Another recent case of consultation is that of a 21-year-old girl, a student of architecture. She had befriended a young boy, a B. Com. student, though Facebook. The friendship gradually flourished and they started moving around in his bike. On one occasion, they went for an evening show of cinema and got late. She could go back neither to her hostel nor her home, as she won’t be able to explain her return at odd time. Then he invited her to his home, where they both slept in his room. Her mother had called the hostel in the morning and as she was not there, the police was alerted. The police caught up with her, as she was returning to the college. We were amazed as to how the young girl had compromised her safety in the company of an FB friend, of whom she knew little!
Yet another case is that of a 25-year-old girl, hailing from Kottayam. She was a student of B.Sc. Nursing at Bangalore. She had a Facebook friend with whom she had become very intimate. After six months of friendship, she married him and left her studies in the 3rd year of her course. She belongs to a low-income family and her father now owes Rs. 3 lakh loan to a bank, with no means to repay. She is now mother of a two-year-old child, and has no job; her husband has no steady income and they have severe financial difficulties. At present, she regrets having left her B.Sc. Nursing course and the opportunity of a bright career!
Preventive approaches: It is almost impossible to ban activities bearing a potential danger, on the internet; a much healthier approach is education and empowerment that will enable parents, educators, mental health professionals and the government to address such issues. Enhancing resilience (ability to adapt to changed circumstances while fulfilling one’s core purpose) is an essential skill in the current age of unforeseeable disruption.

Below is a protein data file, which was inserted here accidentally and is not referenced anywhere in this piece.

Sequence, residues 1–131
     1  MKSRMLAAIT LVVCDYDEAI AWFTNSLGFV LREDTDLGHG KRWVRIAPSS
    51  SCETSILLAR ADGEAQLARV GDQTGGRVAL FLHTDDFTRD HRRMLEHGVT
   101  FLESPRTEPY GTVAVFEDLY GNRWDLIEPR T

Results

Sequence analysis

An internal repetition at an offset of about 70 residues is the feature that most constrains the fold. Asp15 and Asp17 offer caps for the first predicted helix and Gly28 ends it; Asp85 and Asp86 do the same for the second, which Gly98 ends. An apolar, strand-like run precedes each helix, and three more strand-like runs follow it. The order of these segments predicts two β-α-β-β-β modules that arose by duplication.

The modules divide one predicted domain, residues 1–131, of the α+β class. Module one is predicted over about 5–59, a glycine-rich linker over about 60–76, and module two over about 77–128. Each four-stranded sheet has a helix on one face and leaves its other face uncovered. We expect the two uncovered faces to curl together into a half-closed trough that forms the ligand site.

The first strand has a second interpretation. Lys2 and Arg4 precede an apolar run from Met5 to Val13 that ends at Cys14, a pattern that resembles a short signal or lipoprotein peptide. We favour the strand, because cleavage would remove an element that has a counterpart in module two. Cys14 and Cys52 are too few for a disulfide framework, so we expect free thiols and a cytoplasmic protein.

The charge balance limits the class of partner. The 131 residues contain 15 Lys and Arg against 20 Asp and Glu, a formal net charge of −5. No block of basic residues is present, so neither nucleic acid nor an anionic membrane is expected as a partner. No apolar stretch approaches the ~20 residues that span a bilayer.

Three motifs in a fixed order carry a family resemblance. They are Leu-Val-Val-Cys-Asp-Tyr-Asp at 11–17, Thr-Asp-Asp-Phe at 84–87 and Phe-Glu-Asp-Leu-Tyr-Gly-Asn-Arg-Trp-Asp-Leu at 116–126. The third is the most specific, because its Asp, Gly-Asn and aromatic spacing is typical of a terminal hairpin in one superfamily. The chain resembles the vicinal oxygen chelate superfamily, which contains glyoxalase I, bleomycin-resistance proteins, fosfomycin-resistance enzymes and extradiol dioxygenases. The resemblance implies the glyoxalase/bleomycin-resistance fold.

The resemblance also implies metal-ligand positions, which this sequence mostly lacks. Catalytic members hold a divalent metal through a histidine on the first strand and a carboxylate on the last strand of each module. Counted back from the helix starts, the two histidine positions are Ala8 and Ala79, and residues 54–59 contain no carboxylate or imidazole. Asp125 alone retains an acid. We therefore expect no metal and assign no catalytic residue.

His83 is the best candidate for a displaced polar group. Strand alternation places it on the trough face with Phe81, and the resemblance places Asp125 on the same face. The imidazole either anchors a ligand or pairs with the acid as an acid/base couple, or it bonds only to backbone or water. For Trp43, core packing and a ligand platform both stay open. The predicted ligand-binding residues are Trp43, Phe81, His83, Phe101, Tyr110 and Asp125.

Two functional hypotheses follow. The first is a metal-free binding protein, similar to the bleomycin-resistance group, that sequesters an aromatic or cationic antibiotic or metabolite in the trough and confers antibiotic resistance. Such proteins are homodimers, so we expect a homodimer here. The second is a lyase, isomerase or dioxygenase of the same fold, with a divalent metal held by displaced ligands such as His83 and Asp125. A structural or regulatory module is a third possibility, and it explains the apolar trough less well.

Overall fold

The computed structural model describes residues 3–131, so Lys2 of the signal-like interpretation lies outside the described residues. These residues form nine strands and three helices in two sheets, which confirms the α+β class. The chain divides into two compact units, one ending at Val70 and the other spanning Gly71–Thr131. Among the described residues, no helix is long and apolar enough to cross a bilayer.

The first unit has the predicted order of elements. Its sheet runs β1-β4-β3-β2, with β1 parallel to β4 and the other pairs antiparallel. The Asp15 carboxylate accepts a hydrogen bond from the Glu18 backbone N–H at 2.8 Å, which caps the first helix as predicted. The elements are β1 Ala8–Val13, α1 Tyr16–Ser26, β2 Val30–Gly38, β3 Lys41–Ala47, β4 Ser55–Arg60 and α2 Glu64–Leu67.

Prevention is the key to reducing the morbidity associated with internet abuse. Placing the computer in the common living room and ensuring availability of alternative social activities are some of the initial steps. Improved parent-child relationship and family functioning, as well as positive social support foster resilience and problem-solving capacity. Helping children to understand the concepts of risk and safety online, allow them to make independent informed decisions, ensuring ‘online’ safety. The threats raised by internet can be external (‘inappropriate’ content and activities e.g. gambling or contact with the ‘wrong’ people. e.g. bullying, scams), or internal (such as disclosure of too much personal information). By working together with children, we can enable them to make use of the opportunities that the Internet offers, while being safe and responsible.